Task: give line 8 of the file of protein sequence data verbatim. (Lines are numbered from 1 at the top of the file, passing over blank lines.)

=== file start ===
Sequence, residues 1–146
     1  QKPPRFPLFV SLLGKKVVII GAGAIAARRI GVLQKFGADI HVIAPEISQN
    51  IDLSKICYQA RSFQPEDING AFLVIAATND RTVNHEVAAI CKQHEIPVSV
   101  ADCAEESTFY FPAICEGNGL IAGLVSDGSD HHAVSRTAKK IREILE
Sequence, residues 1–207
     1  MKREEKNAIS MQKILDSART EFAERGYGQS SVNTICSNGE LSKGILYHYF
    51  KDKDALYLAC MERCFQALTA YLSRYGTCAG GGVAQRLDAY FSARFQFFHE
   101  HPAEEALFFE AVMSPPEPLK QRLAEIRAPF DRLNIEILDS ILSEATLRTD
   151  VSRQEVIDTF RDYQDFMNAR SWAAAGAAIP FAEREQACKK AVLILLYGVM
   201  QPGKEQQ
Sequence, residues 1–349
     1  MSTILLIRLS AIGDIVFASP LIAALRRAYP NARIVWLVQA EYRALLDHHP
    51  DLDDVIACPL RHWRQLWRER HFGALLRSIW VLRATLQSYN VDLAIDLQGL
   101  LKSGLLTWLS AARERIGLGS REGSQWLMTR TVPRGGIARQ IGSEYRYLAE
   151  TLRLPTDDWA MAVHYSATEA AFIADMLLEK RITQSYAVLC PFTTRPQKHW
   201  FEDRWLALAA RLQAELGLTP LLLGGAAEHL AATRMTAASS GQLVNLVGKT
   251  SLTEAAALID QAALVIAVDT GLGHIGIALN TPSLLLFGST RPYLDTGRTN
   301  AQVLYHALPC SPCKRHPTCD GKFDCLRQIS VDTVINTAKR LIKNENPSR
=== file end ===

   101  HPAEEALFFE AVMSPPEPLK QRLAEIRAPF DRLNIEILDS ILSEATLRTD